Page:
The new HP DesignJet Z6 and Z9+ Printer series is designed to easily maximize printing performance for amazing photo output. By tightly integrating the materials, hardware, and software together, the new printers offer amazing photo quality and print permanence with fewer inks to simplify manageability and reduce costs. New vertical trimmer is featured on select models to optimize output in addition to other innovative technologies for rapid high-quality production from professional photo quality prints to retailer signage. The result is printing 2.5 times faster3 and post-production 20 percent faster4.
"The new DesignJet Z Printer series radically enhances the customer experience and reinvents printing possibilities for both professional photo and signage to ignite business growth and adapt to future needs,” said Guayente Sanmartin, General Manager and Global Head, HP Large Format Design Printing, HP Inc. “We thoughtfully designed the new printers to deliver impressive photo quality without compromising time resources and output speeds with the new vertical trimmer and innovative color technologies.”
The DesignJet Z Printer series will debut at FESPA 2018 at HP Booth 3.2 C20.
Simple and fast output for high-quality vibrant photos
HP DesignJet Z Printer series, both available in 24- and 44-inch formats, are built to give PSPs a competitive edge by enabling the fastest printing capabilities available on the market today. As an industry first, the HP DesignJet Z6 and Z9+offer a premium option with onboard vertical trimmer for fast and efficient production. New color technology, HP Pixel Control, now for the first time manages colors in a truly digital way to help customers embrace new opportunities for color-rich and dynamic printing.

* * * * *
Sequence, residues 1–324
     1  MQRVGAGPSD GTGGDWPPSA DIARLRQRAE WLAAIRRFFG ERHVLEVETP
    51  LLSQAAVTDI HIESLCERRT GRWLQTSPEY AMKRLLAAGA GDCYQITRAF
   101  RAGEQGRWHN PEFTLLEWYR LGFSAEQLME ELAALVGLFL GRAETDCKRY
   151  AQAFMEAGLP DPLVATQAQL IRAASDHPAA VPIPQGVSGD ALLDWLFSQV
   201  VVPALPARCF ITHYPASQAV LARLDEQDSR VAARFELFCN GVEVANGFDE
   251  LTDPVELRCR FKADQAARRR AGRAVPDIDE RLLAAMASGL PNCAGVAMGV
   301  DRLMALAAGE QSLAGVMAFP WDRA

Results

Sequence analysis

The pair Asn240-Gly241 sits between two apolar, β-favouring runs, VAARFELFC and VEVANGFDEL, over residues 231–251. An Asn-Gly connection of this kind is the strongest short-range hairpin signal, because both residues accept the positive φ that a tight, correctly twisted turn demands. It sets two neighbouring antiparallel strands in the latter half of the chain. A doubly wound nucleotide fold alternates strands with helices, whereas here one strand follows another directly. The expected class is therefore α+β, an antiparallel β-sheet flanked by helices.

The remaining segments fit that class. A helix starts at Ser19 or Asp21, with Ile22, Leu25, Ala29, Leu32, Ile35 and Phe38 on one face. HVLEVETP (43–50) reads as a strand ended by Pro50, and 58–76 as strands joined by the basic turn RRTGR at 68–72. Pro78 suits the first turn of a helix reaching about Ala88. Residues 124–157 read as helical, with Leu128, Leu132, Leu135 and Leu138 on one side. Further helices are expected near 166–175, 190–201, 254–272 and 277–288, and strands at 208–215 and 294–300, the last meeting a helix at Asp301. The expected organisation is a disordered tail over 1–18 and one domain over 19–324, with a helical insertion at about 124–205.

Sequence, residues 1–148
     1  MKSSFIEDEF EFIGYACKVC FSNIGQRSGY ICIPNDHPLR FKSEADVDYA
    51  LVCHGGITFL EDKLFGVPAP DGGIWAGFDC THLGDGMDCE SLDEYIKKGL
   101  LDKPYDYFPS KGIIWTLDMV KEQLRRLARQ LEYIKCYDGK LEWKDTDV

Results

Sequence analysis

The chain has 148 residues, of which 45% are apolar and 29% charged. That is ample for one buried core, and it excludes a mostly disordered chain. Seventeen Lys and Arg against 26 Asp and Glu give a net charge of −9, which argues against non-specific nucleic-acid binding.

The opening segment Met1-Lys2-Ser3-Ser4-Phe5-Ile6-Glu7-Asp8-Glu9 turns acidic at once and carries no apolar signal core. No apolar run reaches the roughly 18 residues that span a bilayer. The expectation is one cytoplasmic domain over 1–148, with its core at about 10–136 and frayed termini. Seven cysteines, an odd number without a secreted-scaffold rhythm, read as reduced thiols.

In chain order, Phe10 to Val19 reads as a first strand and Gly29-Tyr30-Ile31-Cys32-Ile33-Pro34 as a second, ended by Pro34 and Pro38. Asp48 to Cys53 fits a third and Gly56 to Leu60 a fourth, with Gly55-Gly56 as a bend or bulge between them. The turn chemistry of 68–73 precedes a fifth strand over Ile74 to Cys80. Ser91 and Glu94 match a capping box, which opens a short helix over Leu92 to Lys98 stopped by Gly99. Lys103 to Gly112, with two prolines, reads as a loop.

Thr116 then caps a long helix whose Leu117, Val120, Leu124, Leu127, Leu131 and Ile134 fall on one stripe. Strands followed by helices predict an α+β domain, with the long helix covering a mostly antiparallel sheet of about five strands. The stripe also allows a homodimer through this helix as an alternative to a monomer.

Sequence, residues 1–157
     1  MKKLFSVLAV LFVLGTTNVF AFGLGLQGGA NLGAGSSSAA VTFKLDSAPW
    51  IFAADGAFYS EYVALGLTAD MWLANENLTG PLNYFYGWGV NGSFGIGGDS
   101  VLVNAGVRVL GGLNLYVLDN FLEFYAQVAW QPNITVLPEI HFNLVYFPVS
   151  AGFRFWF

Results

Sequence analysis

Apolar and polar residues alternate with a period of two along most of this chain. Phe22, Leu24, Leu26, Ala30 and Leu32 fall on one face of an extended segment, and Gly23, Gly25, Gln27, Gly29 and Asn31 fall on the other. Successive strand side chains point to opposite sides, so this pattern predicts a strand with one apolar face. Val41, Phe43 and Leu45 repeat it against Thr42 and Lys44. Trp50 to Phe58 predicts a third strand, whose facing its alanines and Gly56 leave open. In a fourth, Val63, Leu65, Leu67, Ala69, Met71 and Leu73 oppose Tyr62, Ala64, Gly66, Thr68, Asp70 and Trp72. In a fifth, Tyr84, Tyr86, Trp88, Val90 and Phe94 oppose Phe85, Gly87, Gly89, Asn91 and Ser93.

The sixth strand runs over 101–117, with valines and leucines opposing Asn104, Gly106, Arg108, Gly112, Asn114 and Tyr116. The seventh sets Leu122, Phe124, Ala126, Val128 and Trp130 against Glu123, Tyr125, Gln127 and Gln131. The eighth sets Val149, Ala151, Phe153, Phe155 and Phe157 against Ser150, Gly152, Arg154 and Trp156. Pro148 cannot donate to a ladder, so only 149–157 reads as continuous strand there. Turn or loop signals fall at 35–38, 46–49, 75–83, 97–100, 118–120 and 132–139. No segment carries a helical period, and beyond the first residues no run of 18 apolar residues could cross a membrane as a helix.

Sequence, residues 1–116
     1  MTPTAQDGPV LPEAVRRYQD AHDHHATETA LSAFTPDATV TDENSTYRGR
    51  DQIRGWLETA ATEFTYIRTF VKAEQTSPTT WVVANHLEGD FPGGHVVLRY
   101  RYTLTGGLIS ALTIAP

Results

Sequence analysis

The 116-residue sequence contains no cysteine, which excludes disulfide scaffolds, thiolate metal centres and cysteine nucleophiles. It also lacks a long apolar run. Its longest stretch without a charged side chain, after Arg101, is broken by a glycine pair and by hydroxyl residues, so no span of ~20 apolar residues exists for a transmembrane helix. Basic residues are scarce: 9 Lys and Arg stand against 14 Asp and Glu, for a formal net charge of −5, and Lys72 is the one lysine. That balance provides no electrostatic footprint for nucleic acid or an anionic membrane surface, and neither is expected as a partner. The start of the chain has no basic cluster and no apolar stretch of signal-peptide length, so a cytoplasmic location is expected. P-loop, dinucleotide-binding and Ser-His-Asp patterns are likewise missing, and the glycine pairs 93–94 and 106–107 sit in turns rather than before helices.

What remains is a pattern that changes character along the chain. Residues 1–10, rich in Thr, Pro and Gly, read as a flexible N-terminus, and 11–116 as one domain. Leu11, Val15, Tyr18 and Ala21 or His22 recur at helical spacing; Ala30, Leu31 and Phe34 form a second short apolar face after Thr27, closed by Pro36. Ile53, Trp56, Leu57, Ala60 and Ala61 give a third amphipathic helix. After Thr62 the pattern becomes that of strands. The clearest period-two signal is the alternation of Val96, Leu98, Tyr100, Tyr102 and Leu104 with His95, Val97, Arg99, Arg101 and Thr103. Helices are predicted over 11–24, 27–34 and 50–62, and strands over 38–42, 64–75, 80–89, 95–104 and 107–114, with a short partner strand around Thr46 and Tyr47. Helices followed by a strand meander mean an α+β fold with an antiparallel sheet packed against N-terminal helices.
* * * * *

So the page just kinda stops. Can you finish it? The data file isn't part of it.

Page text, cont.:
For print service providers who rely on amazing professional photographic quality prints, the HP DesignJet Z9+ printer allows for a broad range of graphics and technical applications.
The DesignJet Z6 Printer series is designed for Geographical Information Systems (GIS) creators and users, print service providers, and retailers who require a simple to use solution for high-quality technical and graphics applications with water/fade resistance. The new print series is designed to handle even the most complex files with powerful processing architectures and the Adobe PDF Print Engine.
Specific technologies and features include:
- HP Pixel Control: Achieve true-to-color prints and an expanded color gamut with RGB HP Vivid Photo Inks, featuring chromatic red, chromatic green, and chromatic blue, the i1 embedded spectrophotometer5 and HP Pixel Control. HP Pixel Control is truly digital color pipeline designed for outstanding, consistent image quality delivered by controlling every print-ready pixel. Combining HP HDNA with HP Pixel Control, users get amazing image quality with just nine inks versus 12 compared to the previous generation HP DesignJet. The new printers also offer HP Professional PANTONE Emulation to match Brand identity colors.